Catching Up on Evangelical Licentiousness

Ted Haggard officially removed as pastor for sexually immoral conduct: Since when is getting a massage sexually immoral? I mean, that’s all that happened, right? Hmmmm. I guess the church was no less convinced by that particular explanation than the rest of us. Personally I think the real issue here would have been not the fact that Haggard got serviced by a guy, but that he apparently cheated on his wife while doing so. Sure, common adultery is not as (heh) “sexy” as hot religious conservative/man whore m4m action, but it’s a lot more problematic for Haggard’s relationships. I suppose it’s possible that Haggard got clearance from the missus for this sort of thing, but all things considered I sort of doubt that.

While we’re on that subject, here’s a rather vile comment from another pastor about why Haggard may have been getting his pulpit polished by another man:

Most pastors I know do not have satisfying, free, sexual conversations and liberties with their wives. At the risk of being even more widely despised than I currently am, I will lean over the plate and take one for the team on this. It is not uncommon to meet pastors’ wives who really let themselves go; they sometimes feel that because their husband is a pastor, he is therefore trapped into fidelity, which gives them cause for laziness. A wife who lets herself go and is not sexually available to her husband in the ways that the Song of Songs is so frank about is not responsible for her husband’s sin, but she may not be helping him either.

If only Ms. Haggard had dressed up as a burly lumberjack or maybe a leather boy from time to time, ol’ Ted wouldn’t have felt the hunger for man flesh! Yes, I’m sure that’s it. I sure hope if Ms. Haggard ever meets this fellow, she gives him a healthy punch in the testicles.

Update, 1pm: Haggard comes clean, without much in the way of detail:

“The fact is I am guilty of sexual immorality. And I take responsibility for the entire problem. I am a deceiver and a liar. There’s a part of my life that is so repulsive and dark that I have been warring against it for all of my adult life,” [Haggard} said.

The entire letter is here (pdf link).

I think the implication here is that the “dark and repulsive” part of Haggard’s life is his desire for men; I, on the other hand, would venture to say that the dark and repulsive part of his life was that his own fear of that part of who he is caused him to punish, in his words and his deeds, at the pulpit and beyond it, those who did not reject that same part of themselves. It’s sad; sad for him that he had this self-loathing, and sad for all the gays and lesbians who have their lives burdened, indirectly and directly, by Haggard’s self-loathing. Nor are they out of it, since the anti-same-sex marriage amendment Haggard helped get on the ballot in Colorado has yet to be voted on. If it passes, will gays and lesbians find it in their heart to forgive Haggard his role in its passing? It’s an interesting question.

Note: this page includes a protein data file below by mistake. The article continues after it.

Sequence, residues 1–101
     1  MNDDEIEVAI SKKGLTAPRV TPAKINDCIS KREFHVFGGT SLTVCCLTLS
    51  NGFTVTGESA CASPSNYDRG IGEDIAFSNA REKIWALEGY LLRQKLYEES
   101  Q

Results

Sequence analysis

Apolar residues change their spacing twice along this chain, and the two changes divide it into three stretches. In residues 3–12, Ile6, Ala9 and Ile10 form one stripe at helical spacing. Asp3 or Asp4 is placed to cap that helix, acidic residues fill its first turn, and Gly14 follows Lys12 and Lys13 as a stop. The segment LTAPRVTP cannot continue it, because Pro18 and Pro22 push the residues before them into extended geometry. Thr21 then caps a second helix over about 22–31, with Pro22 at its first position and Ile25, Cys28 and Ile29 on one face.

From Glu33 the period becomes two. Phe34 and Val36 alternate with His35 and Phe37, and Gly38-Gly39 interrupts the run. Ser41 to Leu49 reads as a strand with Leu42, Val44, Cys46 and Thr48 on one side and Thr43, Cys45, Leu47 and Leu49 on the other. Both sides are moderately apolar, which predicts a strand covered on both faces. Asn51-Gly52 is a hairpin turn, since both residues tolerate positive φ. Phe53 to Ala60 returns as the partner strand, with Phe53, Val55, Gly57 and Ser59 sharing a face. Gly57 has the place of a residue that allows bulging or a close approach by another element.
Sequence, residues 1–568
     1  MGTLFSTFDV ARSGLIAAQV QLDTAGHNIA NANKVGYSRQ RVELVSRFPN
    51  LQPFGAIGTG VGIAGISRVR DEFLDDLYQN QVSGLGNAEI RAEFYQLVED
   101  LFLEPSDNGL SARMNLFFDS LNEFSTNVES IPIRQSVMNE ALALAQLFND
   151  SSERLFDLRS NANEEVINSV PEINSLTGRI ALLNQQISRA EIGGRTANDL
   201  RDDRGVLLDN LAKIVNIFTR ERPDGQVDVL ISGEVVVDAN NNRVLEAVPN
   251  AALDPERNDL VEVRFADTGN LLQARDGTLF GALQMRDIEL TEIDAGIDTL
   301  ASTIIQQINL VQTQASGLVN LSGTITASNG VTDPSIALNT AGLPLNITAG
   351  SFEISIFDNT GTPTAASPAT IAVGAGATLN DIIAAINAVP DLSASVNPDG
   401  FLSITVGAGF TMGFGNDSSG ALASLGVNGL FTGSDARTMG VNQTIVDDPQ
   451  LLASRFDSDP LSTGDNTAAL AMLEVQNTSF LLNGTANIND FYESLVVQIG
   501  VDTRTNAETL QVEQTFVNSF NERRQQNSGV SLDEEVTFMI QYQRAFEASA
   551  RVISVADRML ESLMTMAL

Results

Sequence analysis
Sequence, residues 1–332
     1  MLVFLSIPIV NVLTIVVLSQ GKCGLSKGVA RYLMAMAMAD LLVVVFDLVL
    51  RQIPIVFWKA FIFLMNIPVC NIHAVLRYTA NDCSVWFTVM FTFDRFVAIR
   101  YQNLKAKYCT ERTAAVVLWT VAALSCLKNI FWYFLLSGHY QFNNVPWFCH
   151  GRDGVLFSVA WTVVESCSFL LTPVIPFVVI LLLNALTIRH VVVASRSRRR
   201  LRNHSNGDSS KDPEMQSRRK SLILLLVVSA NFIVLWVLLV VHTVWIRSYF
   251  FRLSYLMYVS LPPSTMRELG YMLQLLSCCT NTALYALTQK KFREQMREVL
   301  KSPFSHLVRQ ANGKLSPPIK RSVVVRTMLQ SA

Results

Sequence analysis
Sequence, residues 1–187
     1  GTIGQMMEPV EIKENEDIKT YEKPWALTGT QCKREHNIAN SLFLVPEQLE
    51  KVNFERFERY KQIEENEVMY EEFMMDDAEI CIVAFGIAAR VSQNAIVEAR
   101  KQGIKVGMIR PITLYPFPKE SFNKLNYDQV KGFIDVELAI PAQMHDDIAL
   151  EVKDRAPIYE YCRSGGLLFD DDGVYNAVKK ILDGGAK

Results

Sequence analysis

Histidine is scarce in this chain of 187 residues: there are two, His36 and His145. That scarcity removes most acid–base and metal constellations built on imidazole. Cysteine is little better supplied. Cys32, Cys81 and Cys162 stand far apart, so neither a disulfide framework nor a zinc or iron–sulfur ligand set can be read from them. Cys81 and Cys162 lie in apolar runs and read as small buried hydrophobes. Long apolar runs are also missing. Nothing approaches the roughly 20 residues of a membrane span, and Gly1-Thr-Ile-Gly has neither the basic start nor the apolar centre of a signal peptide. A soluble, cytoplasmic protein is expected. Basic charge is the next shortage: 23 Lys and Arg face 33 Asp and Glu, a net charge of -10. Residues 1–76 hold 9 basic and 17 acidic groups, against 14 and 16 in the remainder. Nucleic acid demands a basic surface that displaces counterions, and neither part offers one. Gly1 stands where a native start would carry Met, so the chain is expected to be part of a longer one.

25 Comments on “Catching Up on Evangelical Licentiousness”

  1. Well, you know, when a man strays, it’s *always* the woman’s fault. Eve and all that. Can’t trust ’em.

  2. Over the years I’ve noticed that strongly religious types tend to have pretty vigorous libidos. Not sure why this is. Maybe strong passions express themselves all across the spectrum? Or trying to toe the line in one area causes emotions to bubble up explosively in others? I know correlation is not causation, but still…

  3. Well here is a picture of Gayle Haggard with her husband. Yes, it really looks like she’s ‘let herself go’.

    Hopefully Mark Driscoll will make Keith Olbermann’s list of Worst Persons in the World…

  4. In the churches I’ve grown up in, the pastor being caught lying about an affair would get him removed, no matter whether the prostitute he went to was male or female.

    It’s not even the affair; that’s likely forgivable. It’s that he lied about it. (Which, incidentally, is the reason I was upset about Clinton; If he’ll commit perjury over a blowjob, what else would he lie about?)

    Sure, everyone has things they don’t tell other people, but when you make a big point of it, it destroys trust.

  5. I really think it is more the gay than the adultery. If Haggard was seeing prostitutes or had a mistress, well, y’know, even the mightiest man can fall temptation to the prey of women’s wiles, women being one rung up from Satan on the moral worth ladder. But Teh Gay is a whole nuther ball of, er, wax.

    I also wish Mr. Driscoll would keep his whining about his lack of sex with Mrs. Driscoll between the two of them. Ew.

  6. Janice,

    strongly religious types tend to have pretty vigorous libidos.

    It might be that some people who dislike their libidos are drawn to certain religions as a means of controlling the urges.

    It is kind of like the psychiatrist asking “Are you troubled by indecent thoughts?” The strongly religious might answer “Yes, but through the power or prayer and faith in God I am coping with them” while the rest of us would say “to tell the truth I rather enjoy them!”